Regardless of the reason you’re upgrading your car, it’s a common dilemma to find yourself in. Shinny and new with a bigger price tag, or used and cheap?
New cars might be more expensive, but you’re paying for peace of mind. Unlike used cars, new cars are likely to be more reliable and offer you, as the buyer, more confidence in your purchase – it’s unlikely a new car has been put through its paces causing problematic mechanical issues later down the track.
Warranty is included with a new car. A three, five even seven year warranty is likely to be included in your new car purchase, which will save you money on any mechanical issues and servicing.
Most manufacturers offer capped price servicing for the duration of the warranty meaning no nasty surprises even when the car is working fine.
Buy a car straight off the truck gives you more choice. You can choose what colour you want, the accessories, and any additional options you may decide on, like safety or driver assistance tech.
All the parts in a new car are… well, new. So the car itself is bound to be more fuel efficient. Add to that the fact manufacturers are constantly aiming to improve fuel efficiency and emissions and you’ve got yourself an on-road saving.
As mentioned above, a car will lose most of its value in the first two years of being on the road. So buying a new car is probably the worst ‘investment’ you’ll make. You’ll lose at least 40 per cent to depreciation before you’ve even reached the end of your warranty period.
There are new-car bargains to be found. Run-out deals and plate clearances are a good way to buy a near-untouched car for an excellent price, though it will probably depreciate faster.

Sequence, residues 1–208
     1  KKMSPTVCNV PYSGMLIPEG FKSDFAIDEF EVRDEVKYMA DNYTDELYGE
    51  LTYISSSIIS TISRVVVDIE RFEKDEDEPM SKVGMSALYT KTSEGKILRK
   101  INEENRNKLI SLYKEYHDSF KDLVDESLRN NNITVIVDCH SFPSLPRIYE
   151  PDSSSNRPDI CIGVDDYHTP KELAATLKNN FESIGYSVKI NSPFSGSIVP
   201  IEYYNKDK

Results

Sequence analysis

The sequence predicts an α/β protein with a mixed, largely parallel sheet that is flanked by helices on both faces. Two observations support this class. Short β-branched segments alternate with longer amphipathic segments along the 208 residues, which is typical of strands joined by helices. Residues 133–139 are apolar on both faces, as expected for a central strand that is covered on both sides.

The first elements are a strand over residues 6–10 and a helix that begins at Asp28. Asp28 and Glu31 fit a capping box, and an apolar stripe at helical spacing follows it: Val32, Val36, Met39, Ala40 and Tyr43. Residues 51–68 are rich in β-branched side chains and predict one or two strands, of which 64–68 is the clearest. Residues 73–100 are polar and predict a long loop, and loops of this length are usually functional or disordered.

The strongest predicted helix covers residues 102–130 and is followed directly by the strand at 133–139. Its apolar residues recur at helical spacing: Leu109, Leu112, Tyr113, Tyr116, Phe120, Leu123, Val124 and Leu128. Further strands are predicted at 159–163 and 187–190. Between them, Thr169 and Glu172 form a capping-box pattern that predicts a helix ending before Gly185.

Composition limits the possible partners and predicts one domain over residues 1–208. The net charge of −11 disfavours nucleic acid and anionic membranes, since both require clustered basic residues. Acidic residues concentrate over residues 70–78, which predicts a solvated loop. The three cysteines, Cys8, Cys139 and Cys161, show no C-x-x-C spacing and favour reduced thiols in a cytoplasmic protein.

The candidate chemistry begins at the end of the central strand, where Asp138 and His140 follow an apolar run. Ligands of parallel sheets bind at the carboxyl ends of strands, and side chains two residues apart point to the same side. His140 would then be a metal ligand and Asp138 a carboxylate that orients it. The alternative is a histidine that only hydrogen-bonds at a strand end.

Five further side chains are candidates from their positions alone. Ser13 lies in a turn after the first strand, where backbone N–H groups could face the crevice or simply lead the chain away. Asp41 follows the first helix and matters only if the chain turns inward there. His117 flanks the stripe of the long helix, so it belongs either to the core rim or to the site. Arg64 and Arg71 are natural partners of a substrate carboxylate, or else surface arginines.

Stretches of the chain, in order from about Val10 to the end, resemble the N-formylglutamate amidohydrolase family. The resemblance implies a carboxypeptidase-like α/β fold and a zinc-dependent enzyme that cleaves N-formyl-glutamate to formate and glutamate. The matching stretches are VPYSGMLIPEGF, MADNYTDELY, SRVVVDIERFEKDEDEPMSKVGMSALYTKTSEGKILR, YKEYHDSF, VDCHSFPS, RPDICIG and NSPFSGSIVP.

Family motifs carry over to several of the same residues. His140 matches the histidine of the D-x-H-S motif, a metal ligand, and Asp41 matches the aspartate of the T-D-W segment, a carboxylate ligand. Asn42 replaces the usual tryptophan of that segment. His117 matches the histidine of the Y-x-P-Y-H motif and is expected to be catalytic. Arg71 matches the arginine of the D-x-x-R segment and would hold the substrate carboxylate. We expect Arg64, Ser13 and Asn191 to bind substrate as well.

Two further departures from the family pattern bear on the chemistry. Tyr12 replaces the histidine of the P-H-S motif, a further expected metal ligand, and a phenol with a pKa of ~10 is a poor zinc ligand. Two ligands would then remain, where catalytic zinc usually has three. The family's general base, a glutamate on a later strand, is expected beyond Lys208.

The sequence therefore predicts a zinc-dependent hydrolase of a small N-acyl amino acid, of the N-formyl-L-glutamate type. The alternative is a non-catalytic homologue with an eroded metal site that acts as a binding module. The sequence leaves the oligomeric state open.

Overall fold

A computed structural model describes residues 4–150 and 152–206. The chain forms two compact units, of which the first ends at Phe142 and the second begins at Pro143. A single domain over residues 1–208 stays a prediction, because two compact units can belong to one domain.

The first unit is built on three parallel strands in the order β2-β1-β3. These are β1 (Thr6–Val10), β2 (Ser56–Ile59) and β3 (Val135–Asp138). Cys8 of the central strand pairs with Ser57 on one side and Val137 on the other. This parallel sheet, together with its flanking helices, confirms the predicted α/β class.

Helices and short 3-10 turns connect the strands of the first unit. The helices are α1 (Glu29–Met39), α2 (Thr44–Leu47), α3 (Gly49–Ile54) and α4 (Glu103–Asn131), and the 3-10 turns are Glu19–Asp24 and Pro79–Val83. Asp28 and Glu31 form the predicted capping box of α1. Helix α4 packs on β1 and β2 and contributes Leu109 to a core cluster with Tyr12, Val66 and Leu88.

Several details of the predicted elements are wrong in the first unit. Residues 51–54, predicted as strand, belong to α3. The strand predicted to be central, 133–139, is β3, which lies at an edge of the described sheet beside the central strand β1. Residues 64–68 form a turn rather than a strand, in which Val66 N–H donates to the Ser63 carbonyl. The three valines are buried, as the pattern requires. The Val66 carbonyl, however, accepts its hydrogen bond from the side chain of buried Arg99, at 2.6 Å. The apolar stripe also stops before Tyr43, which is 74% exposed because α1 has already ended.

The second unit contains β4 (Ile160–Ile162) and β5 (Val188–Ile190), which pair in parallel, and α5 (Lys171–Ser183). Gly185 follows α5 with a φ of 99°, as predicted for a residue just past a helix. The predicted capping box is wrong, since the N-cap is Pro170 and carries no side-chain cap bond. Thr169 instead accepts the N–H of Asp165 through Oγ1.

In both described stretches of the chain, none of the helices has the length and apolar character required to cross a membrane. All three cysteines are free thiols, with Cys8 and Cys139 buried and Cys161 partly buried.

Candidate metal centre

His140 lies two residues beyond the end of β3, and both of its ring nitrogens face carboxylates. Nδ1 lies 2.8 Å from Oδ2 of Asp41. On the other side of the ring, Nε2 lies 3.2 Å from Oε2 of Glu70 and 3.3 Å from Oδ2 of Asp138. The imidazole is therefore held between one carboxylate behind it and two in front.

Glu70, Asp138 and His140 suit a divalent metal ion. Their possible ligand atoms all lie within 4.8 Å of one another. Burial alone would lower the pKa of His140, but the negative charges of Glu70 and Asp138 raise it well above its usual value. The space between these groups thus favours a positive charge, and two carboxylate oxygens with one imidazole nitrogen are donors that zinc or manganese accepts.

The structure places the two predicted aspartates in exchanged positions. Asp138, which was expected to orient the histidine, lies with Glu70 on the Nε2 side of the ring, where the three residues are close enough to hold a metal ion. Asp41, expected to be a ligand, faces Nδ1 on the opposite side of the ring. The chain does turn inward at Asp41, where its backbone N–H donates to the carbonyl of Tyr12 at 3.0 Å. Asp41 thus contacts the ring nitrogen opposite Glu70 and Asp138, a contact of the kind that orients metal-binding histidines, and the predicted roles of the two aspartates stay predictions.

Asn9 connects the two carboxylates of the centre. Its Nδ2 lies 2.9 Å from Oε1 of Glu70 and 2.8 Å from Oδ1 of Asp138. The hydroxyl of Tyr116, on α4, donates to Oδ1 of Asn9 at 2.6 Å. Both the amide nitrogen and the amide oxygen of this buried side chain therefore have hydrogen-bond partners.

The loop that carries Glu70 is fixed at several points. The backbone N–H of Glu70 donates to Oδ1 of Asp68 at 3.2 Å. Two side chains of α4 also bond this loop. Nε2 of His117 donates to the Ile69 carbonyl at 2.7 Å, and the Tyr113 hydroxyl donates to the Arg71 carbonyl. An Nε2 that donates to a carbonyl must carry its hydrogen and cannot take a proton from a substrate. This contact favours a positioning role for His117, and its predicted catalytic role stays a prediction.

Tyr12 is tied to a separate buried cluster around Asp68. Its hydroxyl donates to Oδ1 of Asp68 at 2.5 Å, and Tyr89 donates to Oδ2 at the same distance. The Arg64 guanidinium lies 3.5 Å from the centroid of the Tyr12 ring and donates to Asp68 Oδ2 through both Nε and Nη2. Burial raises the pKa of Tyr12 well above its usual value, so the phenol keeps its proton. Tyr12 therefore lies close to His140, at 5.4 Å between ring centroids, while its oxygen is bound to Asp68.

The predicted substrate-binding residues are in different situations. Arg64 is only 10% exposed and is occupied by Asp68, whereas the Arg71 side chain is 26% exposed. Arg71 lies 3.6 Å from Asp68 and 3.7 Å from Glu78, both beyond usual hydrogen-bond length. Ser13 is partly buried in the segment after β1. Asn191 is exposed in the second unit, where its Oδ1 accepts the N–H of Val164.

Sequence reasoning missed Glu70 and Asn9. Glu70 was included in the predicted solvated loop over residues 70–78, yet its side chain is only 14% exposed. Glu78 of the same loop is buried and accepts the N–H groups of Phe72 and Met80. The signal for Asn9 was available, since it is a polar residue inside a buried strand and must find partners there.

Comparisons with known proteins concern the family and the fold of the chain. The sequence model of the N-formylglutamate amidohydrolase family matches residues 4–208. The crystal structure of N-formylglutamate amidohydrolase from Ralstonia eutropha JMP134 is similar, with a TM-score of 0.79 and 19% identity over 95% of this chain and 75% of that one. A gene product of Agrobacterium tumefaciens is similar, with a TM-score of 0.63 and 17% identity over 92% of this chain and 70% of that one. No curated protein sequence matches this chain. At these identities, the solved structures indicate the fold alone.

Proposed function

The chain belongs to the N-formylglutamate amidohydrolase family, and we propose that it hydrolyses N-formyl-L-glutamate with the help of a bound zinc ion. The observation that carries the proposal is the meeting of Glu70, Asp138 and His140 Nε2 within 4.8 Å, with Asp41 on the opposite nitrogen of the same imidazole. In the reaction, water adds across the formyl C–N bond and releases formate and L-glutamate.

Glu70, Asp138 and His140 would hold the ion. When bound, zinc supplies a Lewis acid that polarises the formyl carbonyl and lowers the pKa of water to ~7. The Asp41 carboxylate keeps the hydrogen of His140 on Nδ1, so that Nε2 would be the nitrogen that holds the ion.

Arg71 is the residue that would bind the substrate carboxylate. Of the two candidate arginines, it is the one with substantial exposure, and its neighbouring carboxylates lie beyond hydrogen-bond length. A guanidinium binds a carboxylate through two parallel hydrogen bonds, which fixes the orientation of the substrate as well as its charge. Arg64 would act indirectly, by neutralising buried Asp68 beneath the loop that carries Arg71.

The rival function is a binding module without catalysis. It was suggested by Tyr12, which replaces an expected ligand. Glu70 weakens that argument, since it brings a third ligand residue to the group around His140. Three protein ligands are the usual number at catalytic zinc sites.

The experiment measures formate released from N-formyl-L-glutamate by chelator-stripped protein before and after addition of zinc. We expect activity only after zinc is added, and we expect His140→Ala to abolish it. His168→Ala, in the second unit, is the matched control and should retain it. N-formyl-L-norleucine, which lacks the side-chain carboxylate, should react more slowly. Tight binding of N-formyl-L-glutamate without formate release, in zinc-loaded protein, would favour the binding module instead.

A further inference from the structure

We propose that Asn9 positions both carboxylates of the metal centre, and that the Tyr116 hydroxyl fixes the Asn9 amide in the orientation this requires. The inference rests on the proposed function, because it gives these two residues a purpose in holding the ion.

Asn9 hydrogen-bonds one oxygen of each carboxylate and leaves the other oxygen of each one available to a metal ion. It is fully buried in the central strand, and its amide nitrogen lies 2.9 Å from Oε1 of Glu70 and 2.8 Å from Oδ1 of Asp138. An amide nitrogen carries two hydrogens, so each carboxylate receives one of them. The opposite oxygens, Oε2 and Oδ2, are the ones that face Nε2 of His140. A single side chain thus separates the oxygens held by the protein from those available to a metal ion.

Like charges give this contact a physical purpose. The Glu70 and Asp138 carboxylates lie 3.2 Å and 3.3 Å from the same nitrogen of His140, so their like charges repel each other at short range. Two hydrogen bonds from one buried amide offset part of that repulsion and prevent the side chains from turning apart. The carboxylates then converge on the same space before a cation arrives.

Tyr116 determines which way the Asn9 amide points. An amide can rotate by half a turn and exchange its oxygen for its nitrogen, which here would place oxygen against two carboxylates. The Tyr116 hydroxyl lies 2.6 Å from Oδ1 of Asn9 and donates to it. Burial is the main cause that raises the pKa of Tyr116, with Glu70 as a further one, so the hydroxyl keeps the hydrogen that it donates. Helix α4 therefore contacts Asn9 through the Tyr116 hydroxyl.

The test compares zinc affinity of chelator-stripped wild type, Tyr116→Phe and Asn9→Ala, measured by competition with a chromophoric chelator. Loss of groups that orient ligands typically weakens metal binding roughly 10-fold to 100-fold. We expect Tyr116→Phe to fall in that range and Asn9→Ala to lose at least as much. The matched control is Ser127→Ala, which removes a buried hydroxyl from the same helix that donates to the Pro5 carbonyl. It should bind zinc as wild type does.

The biggest appeal of buying a used car is the slashed price. Cars lose most of their value in the first two to three years, so buying a pre-owned vehicle means you can slash a few dollars of the pricetag and have yourself a bargain. Look for the cars that are only a couple of years old, with low kilometres and check out mechanically.
Even if you’re considering buying a new car, going second-hand may allow you to spend your budget on a top-spec version of the same model with more of the bells and whistles. It may be a little older, with a few extra kilometres, but for the price you may just get the luxury interior or safety package that you otherwise couldn’t afford when new.
The biggest problem with buying used cars is you don’t know a lot about its history. Sure, you might have the service history, but you don’t know how the driver drove the car. Like, how many times did they take the family sedan to the country and thrash it on those gravel roads? As a result, you could be in for a rough time on maintenance costs.
With the unknown history and age comes a little less fuel efficiency. The older your car gets, the less fuel efficient it becomes. As the mechanics of the car wear down, moving the vehicle becomes more strained, which means it needs more power, from fuel, to get going.
Buying used means you’re sacrificing warranty and potentially, reliability. Unless it’s still under the factory warranty you probably won’t get capped price servicing, and there’s no manufacturer fall-back should something happen to your car, which could end up costing you whatever you saved on the purchase.
Demonstrator models are also a good near-new used-car option. They’re usually low on kilometres and have been used by dealerships to show other customers the car so are usually driven carefully. Just make sure, when negotiating the sale, to check what warranty the dealer is offering.
Most importantly, when buying used, make sure you check the car thoroughly and ensure how much money the car has owning on it or if it’s been reported stolen before you go through with the deal, particularly in the instance you’re buying from a private seller.